Biden Expected to Put the World’s Kleptocrats on Notice
The U.S. president-elect and his top advisors have made the fight against dirty money one of their early priorities.
U.S. President-elect Joe Biden is expected to make a crackdown on illicit finance both at home in the United States and abroad a centerpiece of his administration, a move that could have profound implications for anti-corruption efforts around the globe.
Biden, who as vice president spearheaded the Obama administration’s fight against corruption and kleptocracy, has repeatedly vowed to make it a focus as president. Two years ago, Biden and his former advisor Michael Carpenter warned in Politico about the threat posed by foreign money of unknown origins to the integrity of U.S. elections. He echoed those concerns in a Foreign Affairs essay this spring.
“I will lead efforts internationally to bring transparency to the global financial system, go after illicit tax havens, seize stolen assets, and make it more difficult for leaders who steal from their people to hide behind anonymous front companies,” he wrote. And Biden’s pick for national security advisor, Jake Sullivan, told Politico that one of his chief goals was to “rally our allies to combat corruption and kleptocracy, and to hold systems of authoritarian capitalism accountable for greater transparency and participation in a rules-based system.”
A transition official said that “President-elect Biden made countering corruption at home and around the world a staple of his agenda.”
“It’s going to be absolutely essential for the next administration. I think they have a broad agenda to tackle corruption and kleptocracy,” said Carpenter, now managing director of the Penn Biden Center for Diplomacy and Global Engagement.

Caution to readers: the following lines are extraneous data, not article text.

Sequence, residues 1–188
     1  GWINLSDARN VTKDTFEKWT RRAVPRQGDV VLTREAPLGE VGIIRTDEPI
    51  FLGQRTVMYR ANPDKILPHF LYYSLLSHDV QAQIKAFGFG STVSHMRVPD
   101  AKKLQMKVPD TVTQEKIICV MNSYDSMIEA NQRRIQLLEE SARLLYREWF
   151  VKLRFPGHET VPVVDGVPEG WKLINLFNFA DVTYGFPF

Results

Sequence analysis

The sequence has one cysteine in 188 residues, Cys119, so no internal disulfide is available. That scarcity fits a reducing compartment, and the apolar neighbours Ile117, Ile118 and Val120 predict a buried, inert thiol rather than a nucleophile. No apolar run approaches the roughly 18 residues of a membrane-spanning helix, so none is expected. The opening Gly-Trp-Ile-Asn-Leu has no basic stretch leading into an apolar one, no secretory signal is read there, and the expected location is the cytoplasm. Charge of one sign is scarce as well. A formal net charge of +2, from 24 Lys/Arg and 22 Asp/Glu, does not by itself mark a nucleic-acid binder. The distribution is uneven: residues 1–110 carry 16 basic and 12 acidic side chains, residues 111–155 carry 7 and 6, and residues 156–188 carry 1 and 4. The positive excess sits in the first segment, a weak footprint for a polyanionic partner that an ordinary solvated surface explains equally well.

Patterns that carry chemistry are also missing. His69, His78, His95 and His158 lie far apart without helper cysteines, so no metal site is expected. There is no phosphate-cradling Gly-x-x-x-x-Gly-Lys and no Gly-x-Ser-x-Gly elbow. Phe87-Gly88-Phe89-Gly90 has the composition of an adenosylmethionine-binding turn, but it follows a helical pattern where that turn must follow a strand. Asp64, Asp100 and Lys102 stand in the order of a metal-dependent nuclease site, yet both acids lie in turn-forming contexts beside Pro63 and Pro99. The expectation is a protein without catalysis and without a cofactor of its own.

And the prospects look promising, since cracking down on corruption and improving financial transparency enjoy support from both sides of the aisle—no small matter with Republicans likely to maintain control of the Senate.
Legislation that would create a beneficial ownership register—which would make it much harder to register anonymous shell companies in the United States—has been included in the National Defense Authorization Act, alongside a slate of other anti-corruption legislation. The United States is one of the last remaining advanced economies that continues to allow for the creation of anonymous shell companies, the likes of which have been enabled human trafficking, terrorism, and sanctions evasion. At present, more stringent identity checks are required to obtain a library card than to open a shell company in every U.S. state.
“You have the national security community as interested in these issues as the anti-poverty community,” said Gary Kalman, the Director of Transparency International U.S.
Estimates of the cost of corruption to the global economy range from $1 trillion to $2.6 trillion annually, much of it coming from the developing world. If even a fraction of that money were caught and kept in its country of origin each year by anti-corruption efforts, it would far outstrip development assistance spending, which in 2018 hit almost $166 billion worldwide.